While we're on the secondary subject, it's important to acknowledge the Cardinal's cornerbacks as well. Barry Browning, the victim of Keanon Lowe's 28-yard post touchdown reception, was the only one decisively beaten in coverage on the night. Terrence Brown, meanwhile, played a spectacularly physical game that disrupted Oregon on the edge that was overshadowed only by Alex Carter's beastly performance. The true freshman, built like an upperclassman, brought a jaw-dropping combination of speed and physicality to outside support, often looking like the best player on the Autzen Stadium field. He tallied two tackles for loss on the night.

Grade: A+ (Even on Oregon's 16-play, 95-yard drive, Stanford's displayed textbook pass coverage that Mariota beat only with pinpoint accuracy)

The 2009 Model: Balanced Offensive Efficiency
Stanford started and ended well offensively, similar to the pattern displayed a week prior against Oregon State. In between, the unit's 10 consecutive scoreless possessions forced the defense into a legendary performance.

At the end of the day, though, the Kevin Hogan-led attack passed for 211 yards and rushed for 200. This effects of this fantastic balance were evident late as the Oregon defense showed definite signs of fatigue with the Cardinal grinding for the game-tying score. Stepfan Taylor's vision, anticipation, and power fueled 169 punishing yards, while Zach Ertz complemented No. 33 with a career-high 11 catch, 106-yard performance following the passing of his grandmother.

Pep Hamilton dialed up several perimeter bubble screens to thin out the Ducks' defensive interior, and that strategy worked toward the Cardinal's objective of chipping away at an Oregon defense that played a solid 60-plus minutes of football. Three costly turnovers, though (an Autzen Stadium special), opened the door for Oregon. It would be special teams play -- Daniel Zychlinski's otherworldly punting and Jordan Williamson's "Shaw shank redemption" -- that helped the defense negate the blow of these offensive gaffes.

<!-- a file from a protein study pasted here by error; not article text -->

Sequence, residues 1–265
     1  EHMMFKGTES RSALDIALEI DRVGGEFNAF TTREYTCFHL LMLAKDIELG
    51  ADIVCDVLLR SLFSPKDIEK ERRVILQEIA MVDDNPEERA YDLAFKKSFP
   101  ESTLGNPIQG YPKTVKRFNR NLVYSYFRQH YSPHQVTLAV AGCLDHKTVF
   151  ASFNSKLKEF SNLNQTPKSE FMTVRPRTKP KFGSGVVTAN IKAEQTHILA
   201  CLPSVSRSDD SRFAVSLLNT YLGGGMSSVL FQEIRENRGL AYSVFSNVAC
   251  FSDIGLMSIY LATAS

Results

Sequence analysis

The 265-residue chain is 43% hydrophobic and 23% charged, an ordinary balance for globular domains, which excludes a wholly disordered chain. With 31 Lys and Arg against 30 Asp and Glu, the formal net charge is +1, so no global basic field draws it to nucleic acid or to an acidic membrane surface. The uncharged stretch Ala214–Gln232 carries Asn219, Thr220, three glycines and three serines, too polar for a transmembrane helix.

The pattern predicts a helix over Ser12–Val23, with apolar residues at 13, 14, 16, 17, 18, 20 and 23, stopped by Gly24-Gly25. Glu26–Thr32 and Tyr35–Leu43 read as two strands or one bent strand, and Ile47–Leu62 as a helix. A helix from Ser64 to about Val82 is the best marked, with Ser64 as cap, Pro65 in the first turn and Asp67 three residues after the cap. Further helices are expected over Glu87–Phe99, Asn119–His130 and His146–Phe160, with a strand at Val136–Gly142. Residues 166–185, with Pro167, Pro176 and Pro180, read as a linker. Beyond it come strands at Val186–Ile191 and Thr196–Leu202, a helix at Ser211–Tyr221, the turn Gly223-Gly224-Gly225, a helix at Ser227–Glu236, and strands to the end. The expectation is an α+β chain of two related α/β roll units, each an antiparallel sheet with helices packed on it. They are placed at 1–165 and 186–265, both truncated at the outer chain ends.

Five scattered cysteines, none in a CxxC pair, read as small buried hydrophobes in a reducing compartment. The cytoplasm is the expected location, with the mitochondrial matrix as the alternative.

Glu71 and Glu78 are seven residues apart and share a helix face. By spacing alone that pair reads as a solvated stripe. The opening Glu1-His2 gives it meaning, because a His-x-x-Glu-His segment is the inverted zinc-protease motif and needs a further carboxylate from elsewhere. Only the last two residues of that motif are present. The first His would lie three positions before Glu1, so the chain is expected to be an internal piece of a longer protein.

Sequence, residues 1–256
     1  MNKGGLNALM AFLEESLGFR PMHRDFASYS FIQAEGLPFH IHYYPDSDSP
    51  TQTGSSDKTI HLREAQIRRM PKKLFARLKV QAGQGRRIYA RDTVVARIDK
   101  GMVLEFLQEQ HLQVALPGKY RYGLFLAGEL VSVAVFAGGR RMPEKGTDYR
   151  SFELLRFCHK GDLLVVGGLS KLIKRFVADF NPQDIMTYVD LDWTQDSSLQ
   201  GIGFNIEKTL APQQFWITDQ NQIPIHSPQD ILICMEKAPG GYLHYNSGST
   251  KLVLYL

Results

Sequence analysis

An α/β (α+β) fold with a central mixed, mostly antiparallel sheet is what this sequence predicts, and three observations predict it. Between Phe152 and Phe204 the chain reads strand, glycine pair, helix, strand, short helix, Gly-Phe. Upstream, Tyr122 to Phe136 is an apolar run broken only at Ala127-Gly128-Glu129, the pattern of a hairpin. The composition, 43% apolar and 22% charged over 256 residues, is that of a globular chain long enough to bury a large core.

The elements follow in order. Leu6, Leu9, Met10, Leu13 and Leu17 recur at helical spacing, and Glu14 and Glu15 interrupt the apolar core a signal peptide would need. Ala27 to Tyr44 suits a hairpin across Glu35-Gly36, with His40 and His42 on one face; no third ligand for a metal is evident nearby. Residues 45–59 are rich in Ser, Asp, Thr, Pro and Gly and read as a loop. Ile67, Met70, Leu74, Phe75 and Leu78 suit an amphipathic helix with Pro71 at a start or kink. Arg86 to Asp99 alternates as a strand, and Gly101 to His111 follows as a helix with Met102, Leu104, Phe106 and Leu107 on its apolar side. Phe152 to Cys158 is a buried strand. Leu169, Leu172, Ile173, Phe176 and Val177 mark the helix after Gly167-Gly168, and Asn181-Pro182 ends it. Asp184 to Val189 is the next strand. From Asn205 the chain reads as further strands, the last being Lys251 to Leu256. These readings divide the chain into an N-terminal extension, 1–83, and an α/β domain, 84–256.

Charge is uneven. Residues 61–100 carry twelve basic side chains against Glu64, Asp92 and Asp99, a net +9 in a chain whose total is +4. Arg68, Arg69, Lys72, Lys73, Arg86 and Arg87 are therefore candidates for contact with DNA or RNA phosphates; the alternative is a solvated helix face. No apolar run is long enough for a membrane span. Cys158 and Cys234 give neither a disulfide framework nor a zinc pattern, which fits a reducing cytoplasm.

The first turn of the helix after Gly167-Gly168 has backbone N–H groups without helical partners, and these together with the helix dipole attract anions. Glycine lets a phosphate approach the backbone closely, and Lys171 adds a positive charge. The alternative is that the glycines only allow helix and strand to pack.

Grade: B (There were mistakes, and there was a long scoring dry spell. But Hogan, a redshirt freshman, orchestrated a balanced clock-eating effort in his first road start and delivered in crunch time, so call it a success.)

The Guys Upstairs
First and foremost, Shaw must be credited for the excellent job he did in preparing his troops for battle. A team embodies the example set by its head coach. In this case, Stanford's general established a confident, relaxed vibe that emanated from the Cardinal all week long. That ideal mentality is not easy to maintain -- particularly against an opponent that boasts the nation's longest win streak and averages 54.8 points per game.

But the Farm Boys' free-flowing demeanor translated beautifully onto the football field a year after nerves and anxiety seemed to extinguish any chance of beating Oregon. This attitude was paramount to victory. It was so important, in fact, that it ultimately concealed a pair of Shaw's questionable decisions.

The first came during the coach's call to punt on the game's opening possession from Oregon's 35-yard line on fourth down and short, an almost zero-upside decision that blew up in Stanford's face when Mariota exploded for a 77-yard gain shortly thereafter. The second came in the fourth quarter, when Shaw opted for a 43-yard Williamson field goal on fourth and short -- despite the fact that his kicker was 3-for-7 from beyond 40 yards and the Cardinal needed a touchdown, and not a field goal, to tie. Williamson missed, but the Stanford defense gave its team another chance.

But Shaw did also display some playcalling brilliance. Stanford's second quarter play-action attempt on fourth down was the absolute right move, but Hogan's throw missed a wide open Ryan Hewitt. Regardless of its result, that was the type of aggressive chance that's necessary to beat Oregon at its own game. It set a no-nonsense precedent that the Cardinal adhered to for the rest of the game.
Like the Stanford team, Shaw has grown into his role. He's sharpening his instincts as a head coach. Previously deflating conservatism reared its ugly head a couple of times. Still, Shaw's precisely-timed strikes helped a football team accomplish college football's most difficult task: winning at Autzen Stadium.

Grade: A- (A fantastic week for Shaw and his staff, marred only by a couple of questionable decisions ultimately rendered moot.)

David Lombardi covers Stanford sports for The Bootleg and FOX Sports Next. He can also be heard on San Francisco's 95.7 The Game. Check him out at Follow him on Twitter: @davidmlombardi.